When acquiring a property for development, covenants that restrict the type or form of development always need to be carefully considered. There are a number of ways in which restrictive covenants can be addressed, and in two recent cases developers sought to have the relevant restrictive covenants discharged following the grant of planning permission.
Last week the UK Government published its long-awaited proposals for reform of the planning system in England and Wales, in the Levelling-Up and Regeneration Bill.
Back in June 2020, radical reforms to the planning system were proposed, including introducing zoning and deemed planning permission in designated growth areas. Despite the abandonment of these far-reaching reforms, the proposals set out in the Bill, are significant. The main changes are as follows.
Central Government will take a much greater role in planning
This will be achieved by the introduction of a new suite of National Development Management Policies which will set out generic planning policies applicable across the country. Local Plans will be expected to restrict themselves to purely local issues. The expectation is that this will provide greater consistency in decision-making and help with the speedy production of up-to-date Local Plans. This is backed by a new statutory provision to the effect that applications are to be determined in accordance with the Local Plan and National Development Management Policies and if there is a conflict between the two, national policies will prevail.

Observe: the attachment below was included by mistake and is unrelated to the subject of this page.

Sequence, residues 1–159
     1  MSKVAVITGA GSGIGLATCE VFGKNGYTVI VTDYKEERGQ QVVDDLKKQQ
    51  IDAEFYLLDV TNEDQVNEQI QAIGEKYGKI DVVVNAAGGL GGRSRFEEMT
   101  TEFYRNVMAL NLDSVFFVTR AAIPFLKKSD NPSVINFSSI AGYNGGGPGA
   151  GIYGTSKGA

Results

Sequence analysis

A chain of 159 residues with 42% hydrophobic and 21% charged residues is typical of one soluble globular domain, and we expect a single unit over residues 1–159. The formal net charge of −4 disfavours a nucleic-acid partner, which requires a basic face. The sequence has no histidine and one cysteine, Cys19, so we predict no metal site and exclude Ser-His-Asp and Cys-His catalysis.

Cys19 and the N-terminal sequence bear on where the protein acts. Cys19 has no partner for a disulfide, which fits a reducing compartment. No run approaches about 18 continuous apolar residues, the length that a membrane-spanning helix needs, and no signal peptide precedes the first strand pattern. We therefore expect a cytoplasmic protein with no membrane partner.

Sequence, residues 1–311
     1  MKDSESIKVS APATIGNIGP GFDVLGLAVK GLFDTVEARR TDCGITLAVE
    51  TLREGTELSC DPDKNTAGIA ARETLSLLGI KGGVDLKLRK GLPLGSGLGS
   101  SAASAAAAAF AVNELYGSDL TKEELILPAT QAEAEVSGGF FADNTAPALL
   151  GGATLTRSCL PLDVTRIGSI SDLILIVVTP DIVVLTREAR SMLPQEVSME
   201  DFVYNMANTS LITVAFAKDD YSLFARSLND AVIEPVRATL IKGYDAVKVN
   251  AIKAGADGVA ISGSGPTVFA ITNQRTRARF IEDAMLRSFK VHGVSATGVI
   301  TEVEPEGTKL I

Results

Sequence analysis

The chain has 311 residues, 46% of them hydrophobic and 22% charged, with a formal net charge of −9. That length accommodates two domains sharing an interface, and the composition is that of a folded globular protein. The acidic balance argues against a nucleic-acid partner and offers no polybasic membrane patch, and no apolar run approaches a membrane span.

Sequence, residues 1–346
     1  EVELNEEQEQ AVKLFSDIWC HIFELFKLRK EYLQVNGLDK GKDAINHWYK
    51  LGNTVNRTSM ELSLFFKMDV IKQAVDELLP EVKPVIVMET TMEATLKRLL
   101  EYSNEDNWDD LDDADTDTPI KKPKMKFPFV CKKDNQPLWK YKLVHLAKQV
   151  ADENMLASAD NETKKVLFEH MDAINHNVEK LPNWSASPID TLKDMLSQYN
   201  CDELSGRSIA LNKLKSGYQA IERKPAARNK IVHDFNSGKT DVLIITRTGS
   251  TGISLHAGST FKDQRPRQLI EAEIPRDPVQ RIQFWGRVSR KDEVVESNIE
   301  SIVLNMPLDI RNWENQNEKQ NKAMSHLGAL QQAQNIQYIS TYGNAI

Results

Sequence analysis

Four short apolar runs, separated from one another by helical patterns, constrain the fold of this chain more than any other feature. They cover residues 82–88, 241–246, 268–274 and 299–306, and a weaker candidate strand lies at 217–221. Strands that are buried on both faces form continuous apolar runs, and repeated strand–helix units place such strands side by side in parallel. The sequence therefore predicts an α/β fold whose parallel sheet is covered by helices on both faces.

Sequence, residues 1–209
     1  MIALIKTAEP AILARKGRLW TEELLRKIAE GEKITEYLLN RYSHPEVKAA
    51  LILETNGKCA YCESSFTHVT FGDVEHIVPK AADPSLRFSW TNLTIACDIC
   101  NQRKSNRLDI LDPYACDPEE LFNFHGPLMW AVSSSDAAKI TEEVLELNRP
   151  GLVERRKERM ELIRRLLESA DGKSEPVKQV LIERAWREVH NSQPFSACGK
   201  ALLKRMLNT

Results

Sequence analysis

This is a significant cultural shift from the position to date under which locally-determined policies should prevail. There is also some scepticism about the production of a whole new suite of national policies: is this a return to the days of PPGs which were swept away on the grounds that these were too unwieldy and bureaucratic?…
The Government is introducing sweeping changes to the planning system in England, with a view to cutting down on bureaucracy and letting the market decide what we use our buildings for, as well as facilitating much needed housing development. The changes are both medium term and immediate. In this Alert, we focus on the
Much has been written about the sweeping changes the Government is introducing to extend permitted development rights and limit the need to obtain planning permission for changes of use.
But on 2 September 2020 Mr Justice Holgate ordered that an application for leave for judicial review challenging these new laws would be heard on 8…
The UK Government today published its Building Safety Bill, three years after the Grenfell tragedy in which 72 people lost their lives in a fire in a tower block in Kensington, London, the worst residential fire in the UK since World War II.
The Bill seeks to implement the recommendations of the Hackitt Report of…
Although it is uncertain what the likely long-term impacts of the pandemic on the development industry will be, the short-term impacts are clearly significant.
The real estate development industry is looking to the Government for immediate relief in the following areas::
- automatic extension of the deadline for commencement of development under planning permissions;
- the introduction